Table 1. Advanced ceramics: International patent families, highly cited patent families, and citation rates, by selected priority country: 1990-94

Average International Patent Family Size
Given the significant costs associated with obtaining patent protection in multiple countries, the average international patent family attempts to measure the perceived commercial potential of an invention by adding a market-size indicator for each country in which patent protection is being sought.[4]

Based on an adjusted average international family size, the advanced ceramics inventions with the highest perceived commercial potential, on average, were produced in France; these were closely followed by those produced in the United States (table 2). The United States also had the second largest number of international patent families for the period examined. Japan, the most prolific inventor of advanced ceramics technologies during the 1990-94 period, trailed the United States and the large European nations in terms of average commercial potential for each invention. South Korean inventions showed the lowest commercial value based on this indicator: the country was at a relative disadvantage due to its small home market. Conversely, since most inventions are first patented in the country in which the inventor resides, U.S. inventions have an edge in the calculation for this indicator because of the large size of the U.S. economy. Using international patent families as the unit of comparison—as is done here—reduces this bias. Because of its market size, the United States attracts most commercially important inventions and is likely to be a member of many of the international patent families included in this indicator.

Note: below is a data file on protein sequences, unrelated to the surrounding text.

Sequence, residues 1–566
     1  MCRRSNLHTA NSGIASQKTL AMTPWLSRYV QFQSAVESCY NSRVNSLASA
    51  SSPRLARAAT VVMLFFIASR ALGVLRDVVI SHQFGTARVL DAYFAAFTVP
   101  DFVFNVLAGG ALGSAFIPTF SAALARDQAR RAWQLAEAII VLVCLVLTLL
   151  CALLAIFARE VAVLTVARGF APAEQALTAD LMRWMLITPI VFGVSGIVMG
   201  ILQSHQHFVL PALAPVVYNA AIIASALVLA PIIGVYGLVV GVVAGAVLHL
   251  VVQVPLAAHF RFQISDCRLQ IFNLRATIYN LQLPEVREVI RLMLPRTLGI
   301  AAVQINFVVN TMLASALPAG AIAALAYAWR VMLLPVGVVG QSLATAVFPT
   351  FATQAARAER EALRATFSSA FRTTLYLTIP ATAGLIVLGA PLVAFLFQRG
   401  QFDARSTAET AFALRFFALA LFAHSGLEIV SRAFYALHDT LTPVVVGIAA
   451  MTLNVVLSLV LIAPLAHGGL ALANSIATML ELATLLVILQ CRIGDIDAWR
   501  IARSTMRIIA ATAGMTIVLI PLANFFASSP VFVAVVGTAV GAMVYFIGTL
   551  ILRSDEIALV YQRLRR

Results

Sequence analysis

Table 2. Advanced ceramics technology: number of international patent families and average international family size: 1990-04

Summary of U.S. Position